“In the past year, we’ve been getting hit with a lot of requests for individually wrapped treats,” says Hall. “Now stores can put a small spinner rack on the counter, or even peg the treats in line with the rest of their hanging treats.”

 

Baked treats can be made to be shelf stable without artificial ingredients, and the homemade appeal also attracts consumers to this impulse buy.

 

“Everyone has an oven in their home, but rare is it that anyone would have a dehydrator, extruder or freeze drying machine,” Hall says. “Pet parents can purchase baked treats and can almost feel that they made it themselves, or at least that they could have baked it themselves.”

 

 

Nutrition Counts Too

While the icing and fun shapes help drive sales, other factors can also encourage these purchases. Consumers are also looking at ingredients when they shop for baked and gourmet treats. Grain-free is still a big trend in baked treats, says Tyler Thielmann, director of marketing for SO Bright LLC in Kiel, Wis. The company’s baked lineup includes Natural Oven-Baked Treats in Bison, Chicken, Duck and Peanut, all wheat- and corn-free. There is also a line of Natural Grain Free Oven-Baked Treats in Beef Liver, Lamb and Salmon varieties.

 

“We typically focus on single-protein recipes for our own brand, but we have been experimenting in unique ingredient combinations to appeal to the consumer, as well as creating something the pet will love,” Thielmann says. “We have been experimenting with ancient grains lately as well, which has made for some interesting combinations.”

 

Thielmann adds that soft baked treats are strong sellers for SO Bright, and the manufacturer hopes to launch some additions to that line. Also, the company is getting ready to launch a Wisconsin cheese type treat, and also is working on a redesign of the current Grain-Free packaging.

 

“While we as companies can get a little crazy with exotic ingredients from time to time, the price point of these baked treats is usually pretty reasonable, which also helps with their allure,” says Thielmann.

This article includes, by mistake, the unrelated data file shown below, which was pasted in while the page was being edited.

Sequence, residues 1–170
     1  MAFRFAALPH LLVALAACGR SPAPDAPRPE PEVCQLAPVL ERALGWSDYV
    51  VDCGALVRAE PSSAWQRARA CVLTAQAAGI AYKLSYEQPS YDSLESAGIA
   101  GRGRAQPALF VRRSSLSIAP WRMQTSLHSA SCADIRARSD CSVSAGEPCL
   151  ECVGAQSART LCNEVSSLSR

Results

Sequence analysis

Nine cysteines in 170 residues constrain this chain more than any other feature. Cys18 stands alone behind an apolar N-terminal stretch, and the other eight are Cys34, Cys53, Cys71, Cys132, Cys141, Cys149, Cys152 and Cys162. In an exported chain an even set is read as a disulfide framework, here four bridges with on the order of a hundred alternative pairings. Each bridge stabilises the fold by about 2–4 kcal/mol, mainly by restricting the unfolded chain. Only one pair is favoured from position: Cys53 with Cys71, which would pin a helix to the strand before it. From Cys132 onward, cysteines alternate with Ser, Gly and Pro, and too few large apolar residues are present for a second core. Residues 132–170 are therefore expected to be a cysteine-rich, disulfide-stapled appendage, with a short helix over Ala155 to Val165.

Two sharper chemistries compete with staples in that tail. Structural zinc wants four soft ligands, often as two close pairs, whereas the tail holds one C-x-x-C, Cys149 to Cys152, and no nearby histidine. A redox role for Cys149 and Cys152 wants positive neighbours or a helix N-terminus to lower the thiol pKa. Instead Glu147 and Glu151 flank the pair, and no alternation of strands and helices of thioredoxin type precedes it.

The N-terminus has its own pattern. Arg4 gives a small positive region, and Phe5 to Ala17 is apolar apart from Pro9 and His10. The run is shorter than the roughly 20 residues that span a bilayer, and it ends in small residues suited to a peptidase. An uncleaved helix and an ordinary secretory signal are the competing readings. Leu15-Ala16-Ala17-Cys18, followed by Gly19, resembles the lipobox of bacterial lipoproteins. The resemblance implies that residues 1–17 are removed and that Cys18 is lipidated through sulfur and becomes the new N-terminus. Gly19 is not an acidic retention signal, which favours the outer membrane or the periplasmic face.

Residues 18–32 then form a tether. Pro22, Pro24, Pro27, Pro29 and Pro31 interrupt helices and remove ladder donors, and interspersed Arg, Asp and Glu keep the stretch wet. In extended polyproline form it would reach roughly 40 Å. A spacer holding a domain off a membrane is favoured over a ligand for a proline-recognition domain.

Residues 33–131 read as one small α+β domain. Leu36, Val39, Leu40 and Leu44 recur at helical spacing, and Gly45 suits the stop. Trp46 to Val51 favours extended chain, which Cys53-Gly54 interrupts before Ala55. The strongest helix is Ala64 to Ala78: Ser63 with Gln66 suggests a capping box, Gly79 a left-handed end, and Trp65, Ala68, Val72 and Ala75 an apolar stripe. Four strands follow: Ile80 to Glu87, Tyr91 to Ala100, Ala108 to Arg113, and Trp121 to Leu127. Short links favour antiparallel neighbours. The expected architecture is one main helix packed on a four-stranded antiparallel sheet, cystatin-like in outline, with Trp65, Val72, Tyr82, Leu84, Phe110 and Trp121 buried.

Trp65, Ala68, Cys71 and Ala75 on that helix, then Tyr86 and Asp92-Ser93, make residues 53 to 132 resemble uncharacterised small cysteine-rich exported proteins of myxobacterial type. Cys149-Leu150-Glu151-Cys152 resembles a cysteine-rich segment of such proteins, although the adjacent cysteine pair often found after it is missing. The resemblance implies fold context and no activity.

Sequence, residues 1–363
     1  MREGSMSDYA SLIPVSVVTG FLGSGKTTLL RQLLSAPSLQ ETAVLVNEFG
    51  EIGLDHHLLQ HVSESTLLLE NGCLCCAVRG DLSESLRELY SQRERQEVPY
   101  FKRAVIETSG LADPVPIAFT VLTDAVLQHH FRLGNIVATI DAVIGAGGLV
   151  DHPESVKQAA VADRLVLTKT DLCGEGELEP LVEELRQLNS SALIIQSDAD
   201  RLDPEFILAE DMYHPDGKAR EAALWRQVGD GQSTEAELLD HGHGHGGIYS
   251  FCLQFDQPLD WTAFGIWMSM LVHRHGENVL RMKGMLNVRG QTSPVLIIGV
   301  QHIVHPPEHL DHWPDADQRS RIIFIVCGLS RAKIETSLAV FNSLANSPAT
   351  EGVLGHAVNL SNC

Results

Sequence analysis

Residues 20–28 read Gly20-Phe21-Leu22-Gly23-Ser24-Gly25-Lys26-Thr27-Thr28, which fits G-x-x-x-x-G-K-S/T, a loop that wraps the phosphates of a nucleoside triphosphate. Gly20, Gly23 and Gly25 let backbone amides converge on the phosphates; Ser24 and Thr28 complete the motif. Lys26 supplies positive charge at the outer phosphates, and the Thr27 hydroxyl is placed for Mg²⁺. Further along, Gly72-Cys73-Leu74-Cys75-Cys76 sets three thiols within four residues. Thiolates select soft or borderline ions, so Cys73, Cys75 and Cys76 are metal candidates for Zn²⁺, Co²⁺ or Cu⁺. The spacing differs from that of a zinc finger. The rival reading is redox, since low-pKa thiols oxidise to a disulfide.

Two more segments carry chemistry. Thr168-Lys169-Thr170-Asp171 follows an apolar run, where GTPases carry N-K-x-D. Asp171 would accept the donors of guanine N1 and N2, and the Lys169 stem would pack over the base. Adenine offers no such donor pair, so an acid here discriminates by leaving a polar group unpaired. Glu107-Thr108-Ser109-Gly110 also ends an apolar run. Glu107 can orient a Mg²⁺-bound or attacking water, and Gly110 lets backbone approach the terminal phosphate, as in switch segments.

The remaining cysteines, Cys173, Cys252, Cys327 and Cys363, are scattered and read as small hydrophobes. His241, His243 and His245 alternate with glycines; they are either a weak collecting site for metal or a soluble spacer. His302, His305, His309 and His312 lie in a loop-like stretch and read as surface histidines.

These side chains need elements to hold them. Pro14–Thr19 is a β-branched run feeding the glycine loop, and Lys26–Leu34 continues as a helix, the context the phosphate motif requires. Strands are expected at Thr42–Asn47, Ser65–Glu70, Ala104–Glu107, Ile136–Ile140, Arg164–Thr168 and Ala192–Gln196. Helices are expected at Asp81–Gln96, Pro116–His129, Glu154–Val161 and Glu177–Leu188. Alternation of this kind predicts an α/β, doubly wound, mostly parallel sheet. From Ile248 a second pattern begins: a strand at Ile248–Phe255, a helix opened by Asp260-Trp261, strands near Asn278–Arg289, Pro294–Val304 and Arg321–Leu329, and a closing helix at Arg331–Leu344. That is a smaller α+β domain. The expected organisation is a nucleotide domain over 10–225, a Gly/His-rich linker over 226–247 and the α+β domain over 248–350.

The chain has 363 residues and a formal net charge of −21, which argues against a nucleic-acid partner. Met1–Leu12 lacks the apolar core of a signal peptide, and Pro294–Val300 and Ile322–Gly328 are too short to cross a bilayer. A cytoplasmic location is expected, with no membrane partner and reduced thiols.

Becoming Human

The humanization of pets trend is still going strong, says Eric Abbey, president and founder of Cranbury, N.J.-based Loving Pets. As with so many other pet products categories, in baked and gourmet treats consumers are looking for foods resembling what they would buy for themselves.

 

“Pet parents are seeking USA-made treats that contain carefully-selected ingredients that they recognize on an easy-to-understand ingredient panel, and a healthy tasty treat or chew that promotes their pet’s good health in a taste they will love,” Abbey says. “Since the human pet-parent is making the purchasing decision, retailers want to offer treats that their customers can easily relate to, and understand the ingredients and benefits.”

 

For the treats that are not in a display case, packaging plays a role in driving sales. Abbey says pet parents want to know what is in the treats and what the treats do not have, so Loving Pets uses easy-to-understand icons such as Grain-Free and Gluten-Free on the packaging.

 

This year Loving Pets launched two USA lines that Abbey says continue to build the momentum behind the humanization factor of treats and chews that attract the pet and the pet parent. Loving Pets USA Taste Buddies are grain-free and “promote Americana fun and great taste,” says Abey. They are available in Peanut Butter and Jelly Flavor, Mac and Cheese Flavor, Bacon and Egg Flavor, and Hamburger and Fries Flavor. PB